Radicalization by osmosis is growing: Tajikistan is gradually becoming part of the virtual jihad. Islamist websites are paying increasing attention to events in the country. Islamic militants in Tajikistan are adopting tactics already well known in other jihadist struggles, notably in the North Caucasus. In September 2010 the country witnessed what was described as its first suicide bombing. And while most military attention is focused on Rasht, the northern border area of Isfara, not far from Khujand, is developing the reputation of a safe haven for armed militants.

Billions of dollars of drugs pass through Tajikistan en route to Russia and China every year. There is a strong suspicion within the international community that senior members of the ruling elite are protecting the transit of narcotics from Afghanistan. High-level protection is almost certainly undermining international organisations’ attempts to control the border with Afghanistan – efforts that officials involved admit have had very little effect. At a time of growing menace from Afghanistan, the first line of defence is being kept artificially weak.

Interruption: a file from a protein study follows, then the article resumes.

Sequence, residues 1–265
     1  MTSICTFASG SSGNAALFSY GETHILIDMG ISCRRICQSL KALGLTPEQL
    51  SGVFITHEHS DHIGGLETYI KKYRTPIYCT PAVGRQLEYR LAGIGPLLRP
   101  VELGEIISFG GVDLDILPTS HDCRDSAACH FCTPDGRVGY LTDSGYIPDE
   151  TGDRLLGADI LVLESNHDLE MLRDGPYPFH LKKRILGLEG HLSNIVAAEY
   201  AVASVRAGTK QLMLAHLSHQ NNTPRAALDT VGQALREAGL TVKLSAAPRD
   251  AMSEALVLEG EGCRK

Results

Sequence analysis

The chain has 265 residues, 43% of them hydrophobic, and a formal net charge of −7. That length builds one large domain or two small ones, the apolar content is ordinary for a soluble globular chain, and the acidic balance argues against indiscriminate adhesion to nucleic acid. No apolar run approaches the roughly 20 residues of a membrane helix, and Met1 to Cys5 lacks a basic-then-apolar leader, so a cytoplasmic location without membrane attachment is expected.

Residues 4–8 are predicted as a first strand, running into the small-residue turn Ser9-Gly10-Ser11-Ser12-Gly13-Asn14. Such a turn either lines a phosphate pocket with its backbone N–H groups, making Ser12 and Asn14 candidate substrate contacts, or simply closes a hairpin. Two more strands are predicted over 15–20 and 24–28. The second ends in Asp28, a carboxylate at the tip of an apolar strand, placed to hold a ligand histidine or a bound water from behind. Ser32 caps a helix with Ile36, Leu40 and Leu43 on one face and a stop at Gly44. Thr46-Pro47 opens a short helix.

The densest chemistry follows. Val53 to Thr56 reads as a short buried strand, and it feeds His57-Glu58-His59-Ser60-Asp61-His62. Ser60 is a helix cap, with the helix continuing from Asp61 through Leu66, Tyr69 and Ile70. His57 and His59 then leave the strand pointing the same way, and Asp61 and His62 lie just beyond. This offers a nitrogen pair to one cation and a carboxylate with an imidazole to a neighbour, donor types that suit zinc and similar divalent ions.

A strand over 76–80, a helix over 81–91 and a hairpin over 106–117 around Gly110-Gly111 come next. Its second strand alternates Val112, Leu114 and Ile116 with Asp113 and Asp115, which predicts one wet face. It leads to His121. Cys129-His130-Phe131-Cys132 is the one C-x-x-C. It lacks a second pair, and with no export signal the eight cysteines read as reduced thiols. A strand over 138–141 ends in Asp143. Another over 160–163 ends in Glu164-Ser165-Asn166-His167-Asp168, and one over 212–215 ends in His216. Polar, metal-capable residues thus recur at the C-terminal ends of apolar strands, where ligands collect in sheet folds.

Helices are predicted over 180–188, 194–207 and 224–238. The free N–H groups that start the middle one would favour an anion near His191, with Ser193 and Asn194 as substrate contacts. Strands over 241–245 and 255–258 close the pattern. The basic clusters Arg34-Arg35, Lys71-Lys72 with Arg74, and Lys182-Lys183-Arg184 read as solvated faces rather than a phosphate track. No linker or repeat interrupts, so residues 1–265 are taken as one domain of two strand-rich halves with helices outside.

With the IMU engaged, for now, in Afghanistan, it would be advisable to use whatever breathing space is available to re-evaluate security and aid policies.

China, a silent but crucial player in the region with vital security interests, could usefully be drawn into joint consultations, along with the U.S., Russia and others, on measures to assess the security problems and possible responses.

Bilateral and multilateral donors should examine the utility of providing assistance to a regime that cannot prevent a very significant proportion being lost to corruption. Conditionality should be adopted as the norm. The Tajik government should be put on notice that a failure to address support for the narcotics trade within its own elite will seriously damage its credibility and outside support.